Searches for light- and heavy-flavour three-jet resonances in pp collisions at \sqrt{s}=8\TeV

Searches for light- and heavy-flavour three-jet resonances in pp collisions at sqrt(s) = 8 TeV


A search for three-jet hadronic resonance production in pp collisions at a centre-of-mass energy of 8\TeVhas been conducted by the CMS Collaboration at the LHC with a data sample corresponding to an integrated luminosity of 19.4\fbinv. The search method is model independent, and events are selected that have high jet multiplicity and large values of jet transverse momenta. The signal models explored assume -parity-violating supersymmetric gluino pair production and have final states with either only light-flavour jets or both light- and heavy-flavour jets. No significant deviation is found between the selected events and the expected standard model multijet and \ttbarbackground. For a gluino decaying into light-flavour jets, a lower limit of 650\GeVon the gluino mass is set at a 95% confidence level, and for a gluino decaying into one heavy- and two light-flavour jets, gluino masses between 200 and 835\GeVare, for the first time, likewise excluded.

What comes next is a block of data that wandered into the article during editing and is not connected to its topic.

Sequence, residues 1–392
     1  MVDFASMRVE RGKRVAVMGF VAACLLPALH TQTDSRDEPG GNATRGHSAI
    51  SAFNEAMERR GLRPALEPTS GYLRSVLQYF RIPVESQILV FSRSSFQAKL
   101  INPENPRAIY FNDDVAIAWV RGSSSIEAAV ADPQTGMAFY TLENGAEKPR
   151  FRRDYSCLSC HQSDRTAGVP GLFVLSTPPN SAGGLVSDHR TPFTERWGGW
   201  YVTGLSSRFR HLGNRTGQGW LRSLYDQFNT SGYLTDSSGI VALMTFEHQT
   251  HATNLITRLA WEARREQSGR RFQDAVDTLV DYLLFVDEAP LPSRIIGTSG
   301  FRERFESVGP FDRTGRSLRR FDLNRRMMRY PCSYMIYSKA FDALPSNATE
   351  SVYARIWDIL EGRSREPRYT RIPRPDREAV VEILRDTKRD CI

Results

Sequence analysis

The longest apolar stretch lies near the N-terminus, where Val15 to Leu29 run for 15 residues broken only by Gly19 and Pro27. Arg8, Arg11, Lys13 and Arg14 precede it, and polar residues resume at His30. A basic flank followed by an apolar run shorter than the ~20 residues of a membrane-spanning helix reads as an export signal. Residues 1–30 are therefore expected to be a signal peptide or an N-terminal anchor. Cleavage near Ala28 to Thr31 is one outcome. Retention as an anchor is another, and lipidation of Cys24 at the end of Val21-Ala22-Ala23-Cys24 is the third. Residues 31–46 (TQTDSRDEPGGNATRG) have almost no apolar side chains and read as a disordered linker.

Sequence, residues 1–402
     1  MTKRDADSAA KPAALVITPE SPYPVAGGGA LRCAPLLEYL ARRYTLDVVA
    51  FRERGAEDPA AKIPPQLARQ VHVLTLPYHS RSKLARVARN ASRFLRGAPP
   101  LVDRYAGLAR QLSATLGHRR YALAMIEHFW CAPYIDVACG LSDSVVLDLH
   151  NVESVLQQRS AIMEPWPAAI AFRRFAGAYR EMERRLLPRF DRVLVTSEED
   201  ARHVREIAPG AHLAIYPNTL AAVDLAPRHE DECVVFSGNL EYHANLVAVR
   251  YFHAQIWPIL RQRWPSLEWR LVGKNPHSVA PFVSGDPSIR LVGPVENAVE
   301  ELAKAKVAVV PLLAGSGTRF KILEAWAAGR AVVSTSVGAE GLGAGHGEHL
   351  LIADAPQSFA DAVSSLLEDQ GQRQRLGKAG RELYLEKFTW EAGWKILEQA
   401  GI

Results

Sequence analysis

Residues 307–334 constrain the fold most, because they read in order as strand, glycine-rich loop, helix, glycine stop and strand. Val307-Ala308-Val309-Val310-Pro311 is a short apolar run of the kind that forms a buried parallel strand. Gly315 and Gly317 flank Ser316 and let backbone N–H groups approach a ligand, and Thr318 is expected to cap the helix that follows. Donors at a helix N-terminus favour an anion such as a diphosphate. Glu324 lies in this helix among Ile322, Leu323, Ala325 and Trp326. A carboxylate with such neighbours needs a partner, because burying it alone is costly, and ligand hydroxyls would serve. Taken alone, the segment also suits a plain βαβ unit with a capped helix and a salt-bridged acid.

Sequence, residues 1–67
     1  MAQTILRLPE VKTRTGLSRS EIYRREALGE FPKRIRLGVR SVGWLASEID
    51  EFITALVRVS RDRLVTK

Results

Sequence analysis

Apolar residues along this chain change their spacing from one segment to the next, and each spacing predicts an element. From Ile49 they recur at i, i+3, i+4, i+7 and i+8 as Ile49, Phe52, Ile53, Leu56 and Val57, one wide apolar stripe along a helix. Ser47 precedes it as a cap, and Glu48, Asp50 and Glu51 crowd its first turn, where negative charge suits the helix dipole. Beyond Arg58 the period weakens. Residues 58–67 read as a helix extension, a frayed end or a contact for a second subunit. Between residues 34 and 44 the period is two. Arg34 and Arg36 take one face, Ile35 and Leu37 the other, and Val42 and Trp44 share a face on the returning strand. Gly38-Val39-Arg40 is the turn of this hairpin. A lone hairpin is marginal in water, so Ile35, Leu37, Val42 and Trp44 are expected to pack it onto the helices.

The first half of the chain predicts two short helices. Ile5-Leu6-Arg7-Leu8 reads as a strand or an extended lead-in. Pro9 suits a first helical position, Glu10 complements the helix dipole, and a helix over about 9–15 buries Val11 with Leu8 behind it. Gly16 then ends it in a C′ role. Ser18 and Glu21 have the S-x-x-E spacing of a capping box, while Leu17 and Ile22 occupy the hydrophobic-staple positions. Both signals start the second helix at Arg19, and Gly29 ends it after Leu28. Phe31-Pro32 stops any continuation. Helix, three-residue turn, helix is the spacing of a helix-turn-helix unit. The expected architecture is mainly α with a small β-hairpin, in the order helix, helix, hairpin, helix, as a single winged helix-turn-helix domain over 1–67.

\RCS \RCS \cmsNoteHeaderEXO-12-049

1 Introduction

Hadronic multijet final states at hadron colliders offer a unique window on many possible extensions of the standard model (SM), although with the view partly obscured by large backgrounds due to SM processes. Many of these extensions predict resonances, such as heavy coloured fermions transforming as octets under  [1, 2, 3, 4] or supersymmetric gluinos that undergo -parity-violating (RPV) decays to three quarks [5, 6, 7]. Recent studies from the Fermilab Tevatron Collider and the CERN Large Hadron Collider (LHC) employed the jet-ensemble technique. For this technique, jets are associated into unique combinations of three jets (triplets). Additional selection requirements are imposed to suppress the large backgrounds due to SM processes and to enhance sensitivity to strongly decaying resonances. These analyses set lower mass limits based upon resonance fits for gluinos undergoing RPV decays. The CDF collaboration at the Tevatron excluded gluino masses below 144\GeV [8] using data from p collisions at 1.96\TeV, while the CMS collaboration at the LHC excluded masses below 460\GeV [9, 10] with data from pp collisions at 7\TeV. An additional search at the LHC by the ATLAS collaboration, also based on data collected with pp collisions at 7\TeV, has extended these limits to 666\GeV [11].